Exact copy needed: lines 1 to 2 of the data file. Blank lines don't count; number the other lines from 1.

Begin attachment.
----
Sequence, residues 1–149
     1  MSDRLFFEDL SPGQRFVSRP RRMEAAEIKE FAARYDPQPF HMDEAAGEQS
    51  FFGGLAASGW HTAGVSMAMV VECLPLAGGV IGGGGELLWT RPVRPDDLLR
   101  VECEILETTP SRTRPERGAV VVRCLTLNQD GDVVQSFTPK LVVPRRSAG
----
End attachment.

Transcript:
Sequence, residues 1–149
     1  MSDRLFFEDL SPGQRFVSRP RRMEAAEIKE FAARYDPQPF HMDEAAGEQS